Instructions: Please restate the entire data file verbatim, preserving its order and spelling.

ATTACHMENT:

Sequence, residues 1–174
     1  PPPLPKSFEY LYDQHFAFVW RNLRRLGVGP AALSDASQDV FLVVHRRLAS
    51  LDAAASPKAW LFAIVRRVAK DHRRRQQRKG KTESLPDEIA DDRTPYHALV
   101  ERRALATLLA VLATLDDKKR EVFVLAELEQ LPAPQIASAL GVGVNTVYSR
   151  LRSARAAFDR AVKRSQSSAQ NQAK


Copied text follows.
Sequence, residues 1–174
     1  PPPLPKSFEY LYDQHFAFVW RNLRRLGVGP AALSDASQDV FLVVHRRLAS
    51  LDAAASPKAW LFAIVRRVAK DHRRRQQRKG KTESLPDEIA DDRTPYHALV
   101  ERRALATLLA VLATLDDKKR EVFVLAELEQ LPAPQIASAL GVGVNTVYSR
   151  LRSARAAFDR AVKRSQSSAQ NQAK